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Reopened pubs

As pubs across the county are starting to reopen, we're trying to collate a comprehensive list of those that have reopened or are close to it. Our list can be found on this page.

Although the government has now allowed pubs to reopen, many are still unable to do so safely, while most if not all are only able to accommodate limited numbers of customers. Many of them are still reliant on providing takeaway food and/or drinks. Some offer deliveries, while others are selling from the premises. This page lists details of those we know about.

If you can give any of our pubs some support through these difficult times by buying some takeaway food or drink, please do so. Our pubs need as much support as possible if they're going to still be there for us when the crisis is over.


Please tell us if you know of any pubs here which have reopened after lockdown.

Coddenham is the site of the county's largest Roman settlement, Combretonium, which stood on the east bank of the Gipping, close to where Baylham Mill now stands. As well as the settlement, there were also two Roman forts nearby. Later, it was a Saxon fort, trade and administrative centre. Today it features many attractive pink 15th century buildings along the main street.

The village was recorded in Domesday variously as "Codenham, "Kodeham" and "Codeham". It appears on John Speed's 1610 map as "Codnham".

Evidence has been found for a late Iron Age or early Roman settlement and field system in the Shrubland Park Estate. Another settlement, mainly 1st century Romano-British, was found at Valley Farm during excavations between 1988 and 1990. There was a large post mill a short distance behind the pub, built in 1810 but demolished in 1909. Lime Kiln Farm (on the Needham Road) is near an 18th or 19th century lime kiln which was some 6m in diameter and 2.5m high.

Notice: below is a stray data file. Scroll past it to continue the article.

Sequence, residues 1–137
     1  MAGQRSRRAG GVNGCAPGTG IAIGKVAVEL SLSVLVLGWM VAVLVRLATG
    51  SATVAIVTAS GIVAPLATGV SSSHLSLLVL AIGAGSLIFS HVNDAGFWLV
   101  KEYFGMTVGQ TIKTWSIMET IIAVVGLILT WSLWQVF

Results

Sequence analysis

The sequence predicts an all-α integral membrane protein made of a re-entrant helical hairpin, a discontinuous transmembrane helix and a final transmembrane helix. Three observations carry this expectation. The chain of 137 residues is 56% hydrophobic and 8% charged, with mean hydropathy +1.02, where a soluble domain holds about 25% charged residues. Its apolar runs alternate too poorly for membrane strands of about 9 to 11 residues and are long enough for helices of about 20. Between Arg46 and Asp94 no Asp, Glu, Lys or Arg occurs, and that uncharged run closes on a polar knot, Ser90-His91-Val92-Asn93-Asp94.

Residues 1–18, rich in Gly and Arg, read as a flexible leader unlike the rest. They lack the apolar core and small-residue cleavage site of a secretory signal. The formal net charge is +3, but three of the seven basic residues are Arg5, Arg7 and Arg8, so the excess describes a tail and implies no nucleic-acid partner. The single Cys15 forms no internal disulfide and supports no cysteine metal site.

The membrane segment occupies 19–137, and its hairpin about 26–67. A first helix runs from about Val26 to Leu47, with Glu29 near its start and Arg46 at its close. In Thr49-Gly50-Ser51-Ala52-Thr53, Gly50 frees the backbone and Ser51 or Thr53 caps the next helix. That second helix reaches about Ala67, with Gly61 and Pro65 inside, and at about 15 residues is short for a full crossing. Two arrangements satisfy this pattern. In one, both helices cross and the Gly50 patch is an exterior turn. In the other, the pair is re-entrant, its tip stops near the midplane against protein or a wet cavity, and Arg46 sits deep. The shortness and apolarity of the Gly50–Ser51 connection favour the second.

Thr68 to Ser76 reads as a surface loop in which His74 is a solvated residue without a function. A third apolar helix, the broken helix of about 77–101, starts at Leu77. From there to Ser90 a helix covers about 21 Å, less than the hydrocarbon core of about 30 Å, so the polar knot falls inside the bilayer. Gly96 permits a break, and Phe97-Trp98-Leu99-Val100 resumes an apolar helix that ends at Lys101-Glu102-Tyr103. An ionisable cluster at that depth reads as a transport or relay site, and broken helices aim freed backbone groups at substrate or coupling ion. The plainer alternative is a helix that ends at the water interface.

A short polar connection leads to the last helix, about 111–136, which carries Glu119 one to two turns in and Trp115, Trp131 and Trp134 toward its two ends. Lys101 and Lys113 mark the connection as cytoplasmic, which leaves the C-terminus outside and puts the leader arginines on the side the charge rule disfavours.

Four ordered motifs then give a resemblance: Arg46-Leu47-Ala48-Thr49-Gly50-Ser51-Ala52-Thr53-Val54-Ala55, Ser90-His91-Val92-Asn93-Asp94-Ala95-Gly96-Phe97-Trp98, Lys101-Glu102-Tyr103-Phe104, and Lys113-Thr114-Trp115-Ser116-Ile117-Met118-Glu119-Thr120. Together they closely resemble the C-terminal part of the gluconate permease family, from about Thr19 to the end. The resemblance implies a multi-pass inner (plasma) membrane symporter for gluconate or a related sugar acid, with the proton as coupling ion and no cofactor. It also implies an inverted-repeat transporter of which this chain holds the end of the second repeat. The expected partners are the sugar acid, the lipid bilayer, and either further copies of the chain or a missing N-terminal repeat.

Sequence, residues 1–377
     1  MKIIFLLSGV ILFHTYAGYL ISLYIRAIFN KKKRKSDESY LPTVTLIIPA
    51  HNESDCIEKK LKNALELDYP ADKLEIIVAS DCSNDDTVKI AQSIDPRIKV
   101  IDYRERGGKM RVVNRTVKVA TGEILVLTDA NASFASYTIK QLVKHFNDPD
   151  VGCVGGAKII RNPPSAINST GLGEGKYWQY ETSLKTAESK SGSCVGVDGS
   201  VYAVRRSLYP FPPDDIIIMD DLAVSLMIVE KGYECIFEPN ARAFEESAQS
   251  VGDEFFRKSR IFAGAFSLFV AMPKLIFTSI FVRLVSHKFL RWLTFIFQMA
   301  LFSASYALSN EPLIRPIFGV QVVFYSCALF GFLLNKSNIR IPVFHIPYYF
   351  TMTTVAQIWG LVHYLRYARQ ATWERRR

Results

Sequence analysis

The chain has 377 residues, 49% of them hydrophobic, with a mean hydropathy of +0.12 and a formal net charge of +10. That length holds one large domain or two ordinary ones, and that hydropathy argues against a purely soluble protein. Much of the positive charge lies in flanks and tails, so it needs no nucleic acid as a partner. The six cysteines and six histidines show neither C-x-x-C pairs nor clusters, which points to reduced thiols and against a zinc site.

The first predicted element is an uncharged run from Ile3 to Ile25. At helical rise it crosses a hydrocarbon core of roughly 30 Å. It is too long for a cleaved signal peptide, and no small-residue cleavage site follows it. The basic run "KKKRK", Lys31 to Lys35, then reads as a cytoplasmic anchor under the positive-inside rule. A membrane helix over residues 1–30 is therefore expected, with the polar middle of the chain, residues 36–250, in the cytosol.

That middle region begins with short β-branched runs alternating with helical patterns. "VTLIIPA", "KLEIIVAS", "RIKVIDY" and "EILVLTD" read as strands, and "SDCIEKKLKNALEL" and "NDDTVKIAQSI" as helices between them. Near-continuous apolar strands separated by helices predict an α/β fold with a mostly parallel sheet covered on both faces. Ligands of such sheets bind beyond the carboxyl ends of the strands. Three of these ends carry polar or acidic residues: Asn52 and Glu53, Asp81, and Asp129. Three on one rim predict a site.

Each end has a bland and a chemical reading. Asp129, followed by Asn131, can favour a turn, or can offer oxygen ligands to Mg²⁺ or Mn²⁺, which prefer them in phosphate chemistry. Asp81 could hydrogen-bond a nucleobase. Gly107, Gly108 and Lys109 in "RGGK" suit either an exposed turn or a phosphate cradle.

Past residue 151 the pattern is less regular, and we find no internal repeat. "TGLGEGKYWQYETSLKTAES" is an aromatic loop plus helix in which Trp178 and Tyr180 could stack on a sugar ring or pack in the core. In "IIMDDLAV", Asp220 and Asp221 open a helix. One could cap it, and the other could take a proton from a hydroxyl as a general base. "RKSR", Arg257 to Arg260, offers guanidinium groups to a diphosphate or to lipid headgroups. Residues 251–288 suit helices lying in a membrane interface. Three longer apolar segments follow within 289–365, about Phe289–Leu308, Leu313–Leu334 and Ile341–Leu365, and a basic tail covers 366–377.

Coddenham Astronomical Observatory, run by Tom Bowles, is used to search for supernovae and has discovered a large number of them.



The 1844 White's Directory lists a beer house run by Thomas Foradike.

The 1855 White's Directory lists 3 beer houses run by Rechard English (bricklayer), Thomas Foradike and Robert Hayward (wheelwright).

In the 1861 census 3 beer houses are listed:

beer house - 1

James Warren/Head/50y/blacksmith/Stonham, Suffolk.

Felder Warren/Wife/50y/Creeling St Marys, Suffolk.

William Warren/Son/21y/Stonham Aspall, Suffolk.

James Warren/Son/14y/Stonham Aspall, Suffolk.

Helena Warren/Daughter/12y/Stonham Aspall, Suffolk.

beer house keeper - 2

Thomas Forsdike/Head/64y/Coddenham, Suffolk - Carpenter & beerhouse keeper.



Some historical information from English Heritage's National Monuments Record.